There are 1000’s of extraordinarily talented performers of all genres traveling the country nightly from city to city playing at venues that cost $5-$25 for a great night. Live Nation and American Idol have brainwashed the general population that you have to be a gigantic star to be great. Any one reading this article knows that high ticket prices does not mean you are going to see a talented performer…it just means there were a lot of marketing dollars spent… and a lot of money spent on ridiculous production. Which is why they have to charge so much money for ROI.
    Get out to your Folk clubs, small rock clubs, church basements, house concerts… support the players that are eating ramin noodles in exchange for the love of writing, performing and bringing it to the people. Not for making millions. Don’t stop seeing music! Just go to the places where you can pay a lot less and see new and talented people.
    I have never understood why anyone thought Madonna was worth paying $250 for, it’s mind boggling to me. I manage a musician who’s ticket price never exceeds $25/$30… his fans of 20 years could and would pay more to see him and we know this…but he has no desire to increase the price just because he can.
    Support your local music, and enjoy an inexpensive and great night…that very possibly will leave you really inspired!

  4. Since Live Nation has taken over ticket distribution for their venues in the US, the cost is through the ROOF. A $12 service charge on $29 Damned tickets here in NYC at Irving Plaza.. that’s 41% of the cost of the ticket, bought directly FROM Live Nation for a venue that they own. $119 for “VIP” section Pogues tickets at Roseland.. Bought VIP tickets because my girlfriend has a plate in her leg and can’t stand for any length of time and, after getting the run around/different stories from four different staff at the venue, I was directed to the box office where they told us the Pogues needed the VIP section for their fans, so the extra $60 we spent of VIP tickets got us absolutely NOTHING.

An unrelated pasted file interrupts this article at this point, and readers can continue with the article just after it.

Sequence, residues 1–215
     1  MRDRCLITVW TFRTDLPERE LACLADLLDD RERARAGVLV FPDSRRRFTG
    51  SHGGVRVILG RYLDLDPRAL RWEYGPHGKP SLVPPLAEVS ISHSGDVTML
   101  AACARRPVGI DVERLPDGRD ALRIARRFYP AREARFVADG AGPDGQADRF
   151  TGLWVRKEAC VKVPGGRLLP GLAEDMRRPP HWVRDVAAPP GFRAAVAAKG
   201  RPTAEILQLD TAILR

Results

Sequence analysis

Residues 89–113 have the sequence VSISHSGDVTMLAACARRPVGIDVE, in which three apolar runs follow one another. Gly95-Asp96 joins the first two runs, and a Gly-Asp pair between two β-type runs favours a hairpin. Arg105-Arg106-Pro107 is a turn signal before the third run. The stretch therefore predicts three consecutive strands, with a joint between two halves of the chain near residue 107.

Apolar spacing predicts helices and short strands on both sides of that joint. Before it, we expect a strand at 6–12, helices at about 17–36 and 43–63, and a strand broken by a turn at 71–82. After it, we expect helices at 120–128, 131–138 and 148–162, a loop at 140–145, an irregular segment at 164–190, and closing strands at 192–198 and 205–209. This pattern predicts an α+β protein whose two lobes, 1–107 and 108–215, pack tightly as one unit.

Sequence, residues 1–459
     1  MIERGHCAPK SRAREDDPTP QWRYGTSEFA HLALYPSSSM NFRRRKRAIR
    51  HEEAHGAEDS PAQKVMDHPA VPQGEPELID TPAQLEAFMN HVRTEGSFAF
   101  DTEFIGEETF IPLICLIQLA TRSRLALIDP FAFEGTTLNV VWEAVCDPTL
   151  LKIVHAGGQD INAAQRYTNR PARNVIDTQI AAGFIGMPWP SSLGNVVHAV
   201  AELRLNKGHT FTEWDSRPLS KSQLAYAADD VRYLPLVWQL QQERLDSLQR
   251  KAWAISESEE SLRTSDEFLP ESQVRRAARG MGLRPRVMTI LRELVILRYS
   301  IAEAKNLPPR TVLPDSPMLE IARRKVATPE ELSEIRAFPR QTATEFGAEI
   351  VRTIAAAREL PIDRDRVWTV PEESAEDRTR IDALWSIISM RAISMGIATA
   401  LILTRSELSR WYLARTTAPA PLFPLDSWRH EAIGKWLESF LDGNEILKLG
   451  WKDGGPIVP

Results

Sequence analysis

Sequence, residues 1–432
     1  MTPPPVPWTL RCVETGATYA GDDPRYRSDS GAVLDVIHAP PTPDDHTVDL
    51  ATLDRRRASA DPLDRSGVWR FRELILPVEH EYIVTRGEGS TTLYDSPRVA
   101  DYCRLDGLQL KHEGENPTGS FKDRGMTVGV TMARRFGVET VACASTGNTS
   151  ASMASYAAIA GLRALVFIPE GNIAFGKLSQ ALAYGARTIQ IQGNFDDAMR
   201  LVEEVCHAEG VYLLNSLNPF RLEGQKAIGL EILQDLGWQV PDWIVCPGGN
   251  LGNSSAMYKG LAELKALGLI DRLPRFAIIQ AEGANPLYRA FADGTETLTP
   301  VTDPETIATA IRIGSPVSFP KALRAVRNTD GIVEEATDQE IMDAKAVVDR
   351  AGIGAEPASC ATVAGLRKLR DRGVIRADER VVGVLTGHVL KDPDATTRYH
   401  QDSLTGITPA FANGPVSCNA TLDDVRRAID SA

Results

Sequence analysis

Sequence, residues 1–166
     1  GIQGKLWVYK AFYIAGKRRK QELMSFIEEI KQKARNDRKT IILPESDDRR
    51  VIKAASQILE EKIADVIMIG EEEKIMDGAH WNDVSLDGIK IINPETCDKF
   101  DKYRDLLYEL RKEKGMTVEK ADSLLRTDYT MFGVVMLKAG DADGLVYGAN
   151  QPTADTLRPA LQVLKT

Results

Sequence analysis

Oh, and to top it off, Live Nation is offering a VIP program where you can pay ONE THOUSAND DOLLARS a year for the privilege of buying the not completely crappy seats (2 per event at selected venues at full price, natch)out of all the good seats they hold back from the general public to sell to scalpers. How sick is that?
    The girl friend and I go to over 100 live music shows a year and those Pogue tickets were the last stop for us and Live Nation.
    Thankfully, here in NYC we have loads of other, better venues and promoters (especially Bowery Presents), so we’re lucky.

  5. Does any one care if the big guys attendance is down?
    Someday, they may recognize the law of supply & demand.
    I think the day has come for someone to care about the small artist and their great songs. There are tons of fans out there, who would go to Unknown Concerts by good artist/entertainers & since they are unknown, you could cut ticket cost by at least 50 to 80%. We love Indie artist that have recorded great songs that most of us never have heard of. There are thousands of these folks out their, that the big guys will not give the time of day.
    We are supporters of all Female Artist….someday the world will recognize these very talented women/artist for their wonderful music.

  6. This is the time for bands and business to embrace the fans, give them a decen t show for a decent door price. The make them bleed ticket prices will make the fans resent the bands even more than the promoters. Everyone has to quit worrying about making their stock jump and maintain for a year or two. This may be the thing that makes bands heros in theri fans eyes. Stand up to the big play and say no the ticket is $35.00, can you make money on that and the answer is yes….just not $300 million dollar profit on that. Back to basics people.